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California ‘digital’ driver’s licenses pose identity theft risks, experts say

A line forms outside the DMV in Westminster, California. | Source: Irfan Khan/Los Angeles Times/Getty Images

Cybersecurity experts are warning about potential security and privacy risks associated with California’s new digital driver’s license.

Since Aug. 15, around 100,000 Californians have signed up for the new digital license on their smartphones, a Department of Motor Vehicles spokesperson told The Standard on Tuesday. The program is currently capped at 1.5 million participants.

Adam Marré, chief security officer for cybersecurity firm Arctic Wolf, said anyone downloading the new licenses should know their data is not completely protected from theft. 

“The threat level of unauthorized individuals gaining access to or stealing user data [on mobile licenses] is not zero,” said Marré, a former FBI agent. “Putting 100% faith in user data being thoroughly protected is overly optimistic.” 

READ MORE: California DMV Now Offers ‘Digital’ Driver’s Licenses. How To Get Your ID on Your Phone

How To Protect Yourself

Screenshots of a phone showing a blue background and drivers license info
An illustration of California DMV digital wallet screens as seen on cell phones. | Source: Courtesy California DMV

Marré said it’s important for the DMV to educate license holders on the best ways to protect their digital identities. He recommended using strong passwords, enabling two-factor authentication and regularly updating security software and apps.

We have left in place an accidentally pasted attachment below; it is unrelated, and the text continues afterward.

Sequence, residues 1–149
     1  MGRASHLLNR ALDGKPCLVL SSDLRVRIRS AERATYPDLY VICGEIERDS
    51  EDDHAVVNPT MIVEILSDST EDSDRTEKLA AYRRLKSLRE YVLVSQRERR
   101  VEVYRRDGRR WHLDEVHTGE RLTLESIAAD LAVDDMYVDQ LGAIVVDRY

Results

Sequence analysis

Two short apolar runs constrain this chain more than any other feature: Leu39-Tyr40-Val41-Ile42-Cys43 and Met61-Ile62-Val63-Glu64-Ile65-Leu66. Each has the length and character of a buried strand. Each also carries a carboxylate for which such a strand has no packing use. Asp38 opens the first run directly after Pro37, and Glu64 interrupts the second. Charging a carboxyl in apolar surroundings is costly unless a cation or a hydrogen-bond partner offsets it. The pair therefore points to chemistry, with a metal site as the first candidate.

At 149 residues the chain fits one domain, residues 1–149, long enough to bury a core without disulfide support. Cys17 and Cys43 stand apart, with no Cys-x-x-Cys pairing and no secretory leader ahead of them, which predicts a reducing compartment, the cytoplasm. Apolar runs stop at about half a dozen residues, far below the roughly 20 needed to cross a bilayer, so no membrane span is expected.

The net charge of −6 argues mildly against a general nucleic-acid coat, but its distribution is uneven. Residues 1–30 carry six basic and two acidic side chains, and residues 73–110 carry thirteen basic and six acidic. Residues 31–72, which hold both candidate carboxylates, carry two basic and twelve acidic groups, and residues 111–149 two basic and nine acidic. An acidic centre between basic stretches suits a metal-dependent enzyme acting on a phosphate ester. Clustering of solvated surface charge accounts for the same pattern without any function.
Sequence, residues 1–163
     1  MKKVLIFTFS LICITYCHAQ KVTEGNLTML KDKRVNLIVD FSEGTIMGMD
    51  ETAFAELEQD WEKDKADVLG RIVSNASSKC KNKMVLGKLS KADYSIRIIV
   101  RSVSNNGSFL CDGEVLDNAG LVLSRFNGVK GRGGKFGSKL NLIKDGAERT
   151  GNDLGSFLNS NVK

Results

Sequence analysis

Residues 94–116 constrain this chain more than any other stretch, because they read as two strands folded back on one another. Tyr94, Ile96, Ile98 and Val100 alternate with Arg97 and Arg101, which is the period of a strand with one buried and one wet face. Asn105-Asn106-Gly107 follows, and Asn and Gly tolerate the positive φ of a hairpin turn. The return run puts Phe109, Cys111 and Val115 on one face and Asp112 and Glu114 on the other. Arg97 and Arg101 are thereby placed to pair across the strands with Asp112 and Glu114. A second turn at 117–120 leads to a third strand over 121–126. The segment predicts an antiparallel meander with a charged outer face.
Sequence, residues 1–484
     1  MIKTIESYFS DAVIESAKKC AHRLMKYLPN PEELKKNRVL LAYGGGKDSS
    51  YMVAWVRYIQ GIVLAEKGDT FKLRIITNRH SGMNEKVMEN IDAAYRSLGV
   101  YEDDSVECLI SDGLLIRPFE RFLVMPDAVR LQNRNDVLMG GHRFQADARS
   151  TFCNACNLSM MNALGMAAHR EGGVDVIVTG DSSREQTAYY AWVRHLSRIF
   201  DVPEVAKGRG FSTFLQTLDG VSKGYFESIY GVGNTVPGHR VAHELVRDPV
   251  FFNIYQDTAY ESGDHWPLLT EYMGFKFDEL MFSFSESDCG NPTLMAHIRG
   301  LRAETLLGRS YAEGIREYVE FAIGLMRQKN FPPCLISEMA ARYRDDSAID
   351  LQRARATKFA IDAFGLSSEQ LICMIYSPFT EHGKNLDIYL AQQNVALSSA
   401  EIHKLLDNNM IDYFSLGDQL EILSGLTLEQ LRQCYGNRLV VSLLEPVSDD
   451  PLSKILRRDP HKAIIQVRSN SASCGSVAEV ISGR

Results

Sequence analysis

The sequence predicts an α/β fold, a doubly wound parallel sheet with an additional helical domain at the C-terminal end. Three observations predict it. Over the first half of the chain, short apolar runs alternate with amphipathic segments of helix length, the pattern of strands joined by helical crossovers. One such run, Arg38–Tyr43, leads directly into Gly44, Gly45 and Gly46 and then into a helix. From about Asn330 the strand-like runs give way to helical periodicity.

The California pilot program does not currently have a two-factor authentication option to access the digital license. Accessing the mobile license requires unlocking your phone and then the digital driver's license app, which a DMV spokesperson said constitutes two layers of security.

“The mobile license is secured through the use of biometrics, encryption and meets the highest federal and international security standards,” the DMV spokesperson added.

‘Digital Identification Can Invade Our Privacy’

Alexis Hancock, of the San Francisco-based digital rights group the Electronic Frontier Foundation, highlighted the potential for mobile licenses to aggravate social inequities. 

Hancock said reliance on digital licenses would marginalize people with limited internet access, or those who can’t afford to constantly upgrade their smartphones.

Hancock also warned about the potential misuse of digital identification. 

“Digital identification can invade our privacy,” Hancock said. “Designed wrong, it might be a big step toward national identification, in which every time we walk through a door or buy coffee, a record of the event is collected and aggregated.”

Similar digital license programs in other countries ran into problems with their mobile IDs. In Iceland, bouncers reported that underage teenagers were forging their digital licenses to get into nightclubs. 

Currently, Californians can’t use their digital licenses to buy alcohol or other age-restricted products. The mobile license is only accepted as valid identification at TSA PreCheck lines at about two dozen airports across the country—including San Francisco International Airport.

License forgery was also a problem in Australia’s New South Wales, where a researcher found it was possible to crack the encryption of their digital licenses in minutes.

The California DMV said it doesn’t permanently store personal data from the digital license other than a user’s phone number and an encrypted photo of their license card. However, the only real barrier between a bad actor and your personal information is your phone’s passcode.

While California is just beginning to experiment with digital identification, other states across the U.S. have had digital driver’s licenses for years. Arizona began piloting its mobile ID program in 2021, and was the first state to allow Apple users to store a digital version of their licenses in their phones’ Apple Wallets.